Rams, Chargers find themselves in mid-season slumps

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By Don Wanlass

Contributing Writer

The Rams and Chargers opened the 2021 season with 4-1 records that included important wins. The Rams defeated the defending Super Bowl champion Tampa Bay Buccaneers, 34-24 in week 3, the same week the Chargers defeated the Kansas City Chiefs, who have represented the AFC in the last two Super Bowls, 30-24.

Those were heady times, with some people wondering what it would be like for SoFi Stadium to host its two tenants in the Super Bowl next February.

Now, shortly past the halfway points in the season, the Rams and Chargers all of a sudden have weaknesses that, if not resolved, could see them both missing the playoffs.

Both teams are slumping lately. The Chargers have dropped three of the last four and the Rams have lost two in a row heading into their bye week.

The Chargers can right the ship Nov. 21 when they host the Pittsburgh Steelers on Sunday Night Football. The Steelers are half a game in front of the Chargers in the AFC playoff race. If the playoffs started this week, the Steelers would be in and the Chargers, one of three teams tied with 5-4 records in the AFC, would be reduced to hoping for tiebreakers to get in.

The one thing that has plagued the Chargers in their three recent losses has been the defense’s inability to get off the field. The Ravens, Patriots and Vikings have dominated time of possession, holding the ball for 38, 35 and 36 minutes, respectively.

The Chargers won the time of possession battle against the Philadelphia Eagles by almost seven minutes Nov. 7, their only win in the last five weeks.

If the Chargers can’t get the ball, they can’t use the talents of second-year quarterback Justin Herbert. On offense, the Chargers could provide more help to Herbert by developing a better running game and by having receivers hold on to the ball more often.

After Pittsburgh, the Chargers face Denver, Cincinnati, the New York Giants, Kansas City, Houston, Denver and Las Vegas. 

The Chargers will test the abilities of first-year coach Brandon Staley as they try to shore up both the offense and defense for the final two months of the season.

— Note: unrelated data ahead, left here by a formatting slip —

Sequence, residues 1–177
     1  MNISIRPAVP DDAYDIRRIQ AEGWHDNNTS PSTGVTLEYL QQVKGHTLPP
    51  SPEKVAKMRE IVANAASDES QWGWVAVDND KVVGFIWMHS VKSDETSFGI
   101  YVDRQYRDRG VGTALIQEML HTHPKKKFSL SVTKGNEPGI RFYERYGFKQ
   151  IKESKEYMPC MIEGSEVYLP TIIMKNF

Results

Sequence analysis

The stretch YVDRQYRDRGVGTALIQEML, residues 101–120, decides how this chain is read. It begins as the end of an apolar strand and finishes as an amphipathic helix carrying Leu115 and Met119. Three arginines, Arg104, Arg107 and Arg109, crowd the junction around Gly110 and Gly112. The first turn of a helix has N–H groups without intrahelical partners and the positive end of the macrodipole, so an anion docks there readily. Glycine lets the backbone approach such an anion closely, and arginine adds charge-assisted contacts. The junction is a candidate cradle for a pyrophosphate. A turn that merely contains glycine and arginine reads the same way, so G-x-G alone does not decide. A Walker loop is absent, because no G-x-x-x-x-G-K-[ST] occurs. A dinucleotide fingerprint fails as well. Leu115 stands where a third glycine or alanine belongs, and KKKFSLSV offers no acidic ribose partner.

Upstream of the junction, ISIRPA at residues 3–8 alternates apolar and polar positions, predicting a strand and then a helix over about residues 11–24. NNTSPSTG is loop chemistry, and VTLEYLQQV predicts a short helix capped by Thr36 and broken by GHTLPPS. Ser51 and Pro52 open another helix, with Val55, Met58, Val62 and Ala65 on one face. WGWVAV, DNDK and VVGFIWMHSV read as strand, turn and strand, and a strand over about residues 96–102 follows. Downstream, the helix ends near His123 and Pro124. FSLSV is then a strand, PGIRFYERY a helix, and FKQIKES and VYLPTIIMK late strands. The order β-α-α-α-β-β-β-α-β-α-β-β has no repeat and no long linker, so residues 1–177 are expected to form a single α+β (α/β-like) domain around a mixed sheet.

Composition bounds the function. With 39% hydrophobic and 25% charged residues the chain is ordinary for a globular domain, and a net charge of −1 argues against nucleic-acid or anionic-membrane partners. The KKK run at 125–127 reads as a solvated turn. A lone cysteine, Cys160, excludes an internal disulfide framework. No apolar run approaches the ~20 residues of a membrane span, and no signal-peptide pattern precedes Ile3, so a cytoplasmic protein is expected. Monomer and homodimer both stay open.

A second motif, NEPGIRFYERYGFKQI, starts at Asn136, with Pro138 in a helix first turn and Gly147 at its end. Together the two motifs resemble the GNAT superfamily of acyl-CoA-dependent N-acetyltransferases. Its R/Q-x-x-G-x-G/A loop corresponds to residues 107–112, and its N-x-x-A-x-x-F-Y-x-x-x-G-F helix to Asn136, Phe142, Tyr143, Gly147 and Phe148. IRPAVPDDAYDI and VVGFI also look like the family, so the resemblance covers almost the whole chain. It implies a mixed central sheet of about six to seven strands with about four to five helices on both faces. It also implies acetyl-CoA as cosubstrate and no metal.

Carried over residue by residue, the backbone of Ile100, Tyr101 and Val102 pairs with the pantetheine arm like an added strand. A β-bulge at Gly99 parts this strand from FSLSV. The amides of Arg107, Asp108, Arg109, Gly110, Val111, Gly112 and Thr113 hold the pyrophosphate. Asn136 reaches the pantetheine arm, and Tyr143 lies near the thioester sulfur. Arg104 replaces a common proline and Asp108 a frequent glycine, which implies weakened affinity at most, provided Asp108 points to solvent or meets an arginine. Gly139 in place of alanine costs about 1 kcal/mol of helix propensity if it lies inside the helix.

The same can be said about the Rams, who looked nothing like a Super Bowl contender in two consecutive appearances in prime time.

After being outplayed by the Tennessee Titans 28-16 on Sunday Night Football Nov. 7, the Rams moved to Monday Night Football Nov. 15 and were literally run off the field by the San Francisco 49ers, 31-10. 

Quarterback Matthew Stafford has suddenly reverted to his Detroit Lions form in the last two weeks, throwing two interceptions in each game. Two of the four picks were returned for touchdowns and both came early in the game and put the Rams in quick holes.

The Rams’ offense took a big hit when receiver Robert Woods suffered a season-ending knee injury in practice Nov. 12. Cooper Kupp may have the most receptions and yards among Rams receiver, but Woods will be missed as a route runner, a player who can run jet sweeps and reverses and also blocks well.

The signing of Odell Beckham Jr. will help cover his loss and the Rams would be wise to spend the bye week teaching the playbook to Beckham and getting him up to speed.

Newly acquired linebacker Von Miller also needs to be worked into the defensive scheme during the off week as the Rams gear up for a stretch run in the NFC which finds them chasing the Arizona Cardinals, with the 49ers not far behind them.

The Rams face the Green Bay Packers in Lambeau Field Nov. 28 after their break. They then play Jacksonville, Arizona, Seattle, Minnesota and Baltimore before ending the season against the San Francisco 49ers Jan. 9. 

In the NFL, eight weeks is a long time and anything can happen. 

Both the Rams and Chargers have enough talent on their rosters to regain the form that got them off to hot starts. They just need better efforts than they have produced recently.

RIVALRY WEEK: Once upon a time, the week leading up to the USC-UCLA football game was one of the top attractions of the sports year. This year, not so much.

For once, the Bruins come into the game with a better record (6-4) than the Trojans (4-5).

The Bruins became bowl eligible with its 44-20 win over Colorado Nov. 13 that snapped a two-game losing streak that coincided with the return of quarterback Dorian Thompson-Robinson. The senior could be the difference against the Trojans, who announced that freshman quarterback Jaxson Dart will start in place of Kedon Slovis, who has an unspecified leg injury.

Thompson-Robinson rolled up 356 yards of total offense by himself against Colorado, completing 18 of 27 passes for 257 yards and gaining another 99 yards on 9 runs. His ability to keep opposing defenses off balance should be extremely useful against the Trojans who have struggled defensively all season.

Dart was impressive when thrust into action Sept. 18 against Washington State. He threw for 391 yards and four touchdowns that afternoon, but suffered a knee injury that forced him to miss the next four games. 

He and Slovis have shared duties against Arizona and Arizona State, with Dart throwing for only 198 yards combined in those two games.

Dart is more mobile than Slovis, which could be effective in offsetting what Thompson-Robinson brings to UCLA’s offense.

The Trojans need at least two wins in their last three games to become bowl eligible. That won’t placate the average USC fan, who expects the Trojans to be in the national championship picture every year, but that is the reality for 2021.

Hope springs eternal, though, and Trojan supporters hope Dart gives them something to look forward to the next two years, no matter who ends up coaching the team.

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